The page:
question of his own free will on November 19.
This shows that the document had been tampered with and additions
made at a later stage in order to justify the conviction.
sentences did not take into account the varying degrees of involvement
in the acts in question, that the Peruvian government had itself had
attributed to the defendants.
the trial, the convicted officers were taken to the Castillo Real Felipe
in Callao, where an area had been fitted out as a prison for them.
the situation in other prisons, visits were restricted to a mere six
hours a week, three on Wednesdays and three on Sundays.
7. The Supreme
Court of Military Justice has ordered the seizure all the assets of the
imprisoned officers to be used for reparation to the State.
Under Peruvian law, the Council is authorized to withhold only
50% of such assets, not all of them.
officers claim that a number of previously acquired benefits, such as
hospital care and access to the army's leisure and recreation
facilities, have been curtailed. Moreover,
threatening statements degrading to the personal dignity and prestige of
the imprisoned officers are being constantly circulated.
9. For its
part, the criminal suit against Mr. Jaime Salinas López Torres at the
time of his arrest at the DINCOTE still continues, although the charges
against him have been dismissed. This
lawsuit is a permanent threat not only to Mr. Salinas, but to his
father, General Jaime Salinas Sedó as well.
of the right to a fair trial
As shown, the main constraint suffered by the plaintiffs was the
restriction of their right to a fair trial, especially the harassment of
the defense lawyers. In
this regard, mention should be made of the case of Dr. Alberto Borea Odría. After he had been constantly harried by the authorities of
the government that took office on April 5, 1992, Special Prosecutor
Flor de María Maita Luna, appointed to investigate the events of
November 13, named him as one of the perpetrators, leading Dr. Borea to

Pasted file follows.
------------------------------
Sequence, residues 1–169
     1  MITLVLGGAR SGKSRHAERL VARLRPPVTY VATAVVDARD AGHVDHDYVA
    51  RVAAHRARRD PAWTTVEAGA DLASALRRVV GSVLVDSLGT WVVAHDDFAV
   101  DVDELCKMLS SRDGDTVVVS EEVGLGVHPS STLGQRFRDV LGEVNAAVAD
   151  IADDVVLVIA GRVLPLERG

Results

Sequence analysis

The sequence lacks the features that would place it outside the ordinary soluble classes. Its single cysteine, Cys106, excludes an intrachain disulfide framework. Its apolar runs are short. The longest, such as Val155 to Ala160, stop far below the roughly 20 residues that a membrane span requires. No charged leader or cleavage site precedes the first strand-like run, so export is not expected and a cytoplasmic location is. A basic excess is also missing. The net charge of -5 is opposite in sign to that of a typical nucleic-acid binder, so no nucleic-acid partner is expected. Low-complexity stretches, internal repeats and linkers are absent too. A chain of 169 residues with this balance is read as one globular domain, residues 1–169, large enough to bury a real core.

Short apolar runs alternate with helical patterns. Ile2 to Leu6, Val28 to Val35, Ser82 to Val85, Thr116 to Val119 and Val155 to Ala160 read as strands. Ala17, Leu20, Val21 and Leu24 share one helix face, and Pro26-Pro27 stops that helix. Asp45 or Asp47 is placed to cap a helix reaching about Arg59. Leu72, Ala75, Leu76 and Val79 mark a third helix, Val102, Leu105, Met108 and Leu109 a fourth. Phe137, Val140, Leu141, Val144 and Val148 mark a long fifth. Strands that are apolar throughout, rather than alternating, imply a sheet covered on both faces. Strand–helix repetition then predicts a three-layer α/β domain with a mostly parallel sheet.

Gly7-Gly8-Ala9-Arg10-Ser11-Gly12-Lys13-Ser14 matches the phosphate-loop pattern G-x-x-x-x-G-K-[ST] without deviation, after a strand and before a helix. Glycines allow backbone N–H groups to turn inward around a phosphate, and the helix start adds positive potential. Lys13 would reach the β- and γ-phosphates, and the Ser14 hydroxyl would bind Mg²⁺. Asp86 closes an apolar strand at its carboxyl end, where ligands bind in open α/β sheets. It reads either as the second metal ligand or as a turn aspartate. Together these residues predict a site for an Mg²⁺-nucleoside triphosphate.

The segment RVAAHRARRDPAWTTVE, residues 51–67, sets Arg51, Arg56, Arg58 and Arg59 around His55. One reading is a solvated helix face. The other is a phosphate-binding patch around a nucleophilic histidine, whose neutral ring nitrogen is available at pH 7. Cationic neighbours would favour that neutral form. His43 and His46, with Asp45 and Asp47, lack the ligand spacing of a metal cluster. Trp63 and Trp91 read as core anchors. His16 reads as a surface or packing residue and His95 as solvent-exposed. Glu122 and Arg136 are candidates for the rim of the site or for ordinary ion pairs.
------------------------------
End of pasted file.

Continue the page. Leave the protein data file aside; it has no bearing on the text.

seek asylum in the Republic of Costa Rica.
The Commission has sustained that "the defense of the
accused ... can in no way constitute grounds for the malicious and
unfounded linking of a defense lawyer [as in the case of Dr. Alberto
Borea Odría] to unlawful activities of which his client is falsely
Flor de María Maita's false accusation of Dr. Alberto Borea constitutes
a threat to the free exercise of the legal profession, and infringes one
of the fundamental guarantees of the administration of justice and of
due process, i.e. the right to defense enshrined in Article 8,
subparagraph 2 (d) of the American Convention.
In addition to the above, the accusation is yet another
indication of the disregard, facetiousness and opportunism with which
some governmental authorities of the Peruvian State bring false charges
against innocent persons.
In July 1993, a new action was instituted against General Jaime
Salinas Sedó and General José Pastor Vives for alleged abuse of the
armed forces and insulting their superiors, because of their public
statements concerning the political situation in the country.
Both officers' defense lawyers were denied access to the files,
once more infringing the defendants' right to defense.
18/94 on the present case
Pursuant to Article 50 of the American Convention, the IACHR,
at its 85th regular session, approved Report 18/94 concerning the
present case and dispatched it to the Peruvian government by
communication of May 4, 1994. In
that report the Commission agreed, inter alia, to
recommend to the Peruvian State that it take all necessary steps to
overturn the Supreme Military Court's decision of March 31, 1993, which
upheld the decision of the "Sala
de Guerra", and to order the immediate release of Generals Jaime
Salinas Sedó; Luis Soriano Morgan and Manuel Obando Salas, Lieutenant
Colonel Marco Zárate Rotta; and Majors Hugo Ormeño Huapaya, Salvador
Carmona and César Cáceres Haro.
By note No. 7-3-D/02 of July 15, 1994, to the
Chairman of the Commission, the Government informed the Commission that
"to acquiesce to the request of the Honorable Inter-American
Commission on Human Rights would signify inadmissible interference on
the part of the Executive Branch in the affairs of the Judiciary, which
would be incompatible with the independence and autonomy vested in it by
the Constitution", adding that "it is not possible, in the
case in question, to implement the recommendations made in Report 18/94